Arts & Culture News

North Texas Influencers Want To Make Reading Cool Again

Wait, so reading IS fun?  Books are all the rage again.
Wait, so reading IS fun? Books are all the rage again. Syd Wachs/Upsplash
Is it just us, or has the content quality of Instagram significantly declined since the pandemic started? Let’s be honest, we know all our daily screen time reports are skyrocketing, but what are we even looking at on Instagram? It’s not like people are still posting many vacation photos or girls night out pics. Celebrities and influencers have been emitting strange chaotic energy. They have no content. What will they do?

But there is one corner of the internet that is thriving. The bookstagram community.

That’s right, book Instagrams. Bibliophiles around the world are loving all the extra time at home, going on adventures and meeting new people on the daily from the comfort and safety of printed pages. But since this is 2020, this love of books is spilling into the social media world.

Bookstagrammers, as they call themselves, are everywhere posting aesthetically pleasing shots of their latest reads or pictures of their bookshelves, writing detailed reviews for their followers.

Following a bookstagrammer is great for finding your next quarantine read, or simply as a reminder on your feed to put your phone down and pick up a book. Either way, here are some of our favorite bookstagrammers from North Texas.

Megan is a 29-year-old dog lover who has great thriller recommendations. She’s trying to read 90 books this year, and so far she’s at 64.

“Reading is my escape, and I flew through some books," she says. "The [bookstagram] community is truly one of a kind — the connections I’ve made are genuine and true. I’m in a book club here in Dallas with some friends I met through bookstagram; I really felt like bookstagram was my escape during the pandemic, it is my happy little corner of the internet.”

Emily’s favorite book is The Nightingale by Kristin Hannah. Her favorite genres are thriller and romance.

“I’ve been able to hit record reading months thanks to quarantine," she says. "Reading has allowed me to escape what’s going on and just dive into a good book and forget about the craziness outside. Also, bookstagram has provided me with the opportunity to still connect with people similar to me at a time where I can’t meet with my book club in real life.”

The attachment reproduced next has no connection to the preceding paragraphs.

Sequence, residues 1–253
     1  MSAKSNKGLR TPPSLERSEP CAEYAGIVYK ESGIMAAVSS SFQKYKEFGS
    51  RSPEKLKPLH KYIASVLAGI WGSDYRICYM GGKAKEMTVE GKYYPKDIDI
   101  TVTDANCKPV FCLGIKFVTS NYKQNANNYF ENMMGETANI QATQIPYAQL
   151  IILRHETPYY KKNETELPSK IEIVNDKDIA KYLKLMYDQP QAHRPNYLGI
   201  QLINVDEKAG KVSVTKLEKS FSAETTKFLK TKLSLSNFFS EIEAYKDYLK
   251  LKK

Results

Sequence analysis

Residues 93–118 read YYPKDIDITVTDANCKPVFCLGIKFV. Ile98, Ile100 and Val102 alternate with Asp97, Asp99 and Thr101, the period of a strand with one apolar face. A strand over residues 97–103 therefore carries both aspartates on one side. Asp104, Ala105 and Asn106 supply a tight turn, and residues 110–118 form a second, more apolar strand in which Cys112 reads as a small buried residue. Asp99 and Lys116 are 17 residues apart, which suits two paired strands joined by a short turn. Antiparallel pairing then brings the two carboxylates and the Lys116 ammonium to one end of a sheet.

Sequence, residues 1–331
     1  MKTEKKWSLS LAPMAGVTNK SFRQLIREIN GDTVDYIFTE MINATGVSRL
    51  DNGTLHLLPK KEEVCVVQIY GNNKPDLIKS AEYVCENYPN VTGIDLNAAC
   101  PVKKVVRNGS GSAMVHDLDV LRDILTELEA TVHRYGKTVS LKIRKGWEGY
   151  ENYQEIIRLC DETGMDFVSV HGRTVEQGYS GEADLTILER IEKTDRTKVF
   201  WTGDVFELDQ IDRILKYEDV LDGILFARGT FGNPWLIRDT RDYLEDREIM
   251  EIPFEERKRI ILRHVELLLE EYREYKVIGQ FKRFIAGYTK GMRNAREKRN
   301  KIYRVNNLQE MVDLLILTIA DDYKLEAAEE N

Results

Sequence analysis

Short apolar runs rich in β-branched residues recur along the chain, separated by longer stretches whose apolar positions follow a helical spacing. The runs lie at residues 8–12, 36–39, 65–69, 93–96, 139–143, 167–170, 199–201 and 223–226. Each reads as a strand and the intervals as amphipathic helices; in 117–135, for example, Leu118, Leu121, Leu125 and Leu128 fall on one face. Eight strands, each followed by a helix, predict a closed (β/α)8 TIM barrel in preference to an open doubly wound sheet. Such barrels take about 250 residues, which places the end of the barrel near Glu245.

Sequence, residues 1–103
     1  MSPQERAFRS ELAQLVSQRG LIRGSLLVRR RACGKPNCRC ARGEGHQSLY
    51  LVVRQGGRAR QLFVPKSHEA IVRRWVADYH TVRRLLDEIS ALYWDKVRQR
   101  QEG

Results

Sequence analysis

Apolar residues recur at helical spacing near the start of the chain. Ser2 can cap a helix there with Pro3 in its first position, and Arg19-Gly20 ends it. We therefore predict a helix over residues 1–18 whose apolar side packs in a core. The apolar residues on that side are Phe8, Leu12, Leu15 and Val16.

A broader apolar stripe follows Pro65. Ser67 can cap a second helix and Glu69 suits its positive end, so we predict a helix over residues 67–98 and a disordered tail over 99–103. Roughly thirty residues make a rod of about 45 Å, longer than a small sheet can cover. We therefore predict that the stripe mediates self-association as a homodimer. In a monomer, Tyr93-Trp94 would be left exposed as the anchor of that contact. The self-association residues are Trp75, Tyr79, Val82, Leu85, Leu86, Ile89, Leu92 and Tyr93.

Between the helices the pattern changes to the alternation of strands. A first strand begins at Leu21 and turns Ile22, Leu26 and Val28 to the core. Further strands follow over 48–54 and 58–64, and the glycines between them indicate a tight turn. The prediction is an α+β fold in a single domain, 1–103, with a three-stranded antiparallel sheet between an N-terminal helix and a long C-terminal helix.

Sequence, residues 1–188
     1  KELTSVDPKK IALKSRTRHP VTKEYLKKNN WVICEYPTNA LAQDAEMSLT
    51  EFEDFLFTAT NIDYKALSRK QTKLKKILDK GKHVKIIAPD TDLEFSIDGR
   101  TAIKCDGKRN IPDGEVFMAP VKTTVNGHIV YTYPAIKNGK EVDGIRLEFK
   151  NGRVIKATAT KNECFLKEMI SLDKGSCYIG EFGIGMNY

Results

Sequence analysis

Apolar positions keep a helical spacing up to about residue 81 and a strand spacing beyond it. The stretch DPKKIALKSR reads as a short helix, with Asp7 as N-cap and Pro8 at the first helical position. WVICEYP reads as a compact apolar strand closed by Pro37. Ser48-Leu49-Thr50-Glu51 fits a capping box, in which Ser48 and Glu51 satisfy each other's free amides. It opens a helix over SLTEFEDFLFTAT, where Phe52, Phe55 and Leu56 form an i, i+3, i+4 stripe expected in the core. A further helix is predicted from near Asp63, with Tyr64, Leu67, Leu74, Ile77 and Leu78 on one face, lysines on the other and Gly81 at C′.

Katie is a breast cancer survivor who owns a little free library, a sort of mailbox where passersby can take a book and leave a book.

“With the stresses of COVID-19 many are searching for ways to fill the time or a way to escape from all the unknown," she says. "I’ve been delighted to see so many friends and family reignite their love for reading during this time. Our little free library has had an upsurge in traffic as the libraries stay closed; I myself have turned to comfort reads such as romcoms as opposed to my usual literary fiction and am grateful to have the distraction.”

Elena is on her journey of reading 70 books this year, and is a voice for equality and diversity in the bookstagram world.

“In midst of this quarantine, there is plenty of helplessness, sadness, confusion or even anger," she says. "Some people turn to books to escape the reality, some like to find hope between the lines while others simply read to spend the time...there are countless reasons to opt for reading.

"Whatever the reason is, books are playing an essential role for the society. They wish to be transported to different worlds, where people can release their imagination and learn something from the story.”

Rachel has a unique style when it comes to taking photos of her books. She is on the journey to reading a whopping 110 books this year.

"For me, reading is more than just a distraction," she says. "Through bookstagram, I have been able to find a community of people who love to read just as much as I do. Talking about these books virtually, with both friends and family, has made social distancing easier and helped quarantine feel less lonely.

"During a time when staying home can literally save people’s lives, reading or listening to audiobooks is one of the easiest ways to stay occupied, connect, and focus on something besides the virus.”

Whit calls herself the “Aficionado of the Finest Books.” She is 31 and a great resource for books by Black authors.

“Currently reading during the quarantine has been extremely therapeutic," she says. "Diving into each story has allowed me to forget our 'new normal' for a while. I guess you can call it a type of escapism.”

Jamie is a mother and a blogger whose favorite book is The Time Traveler’s Wife by Audrey Niffenegger.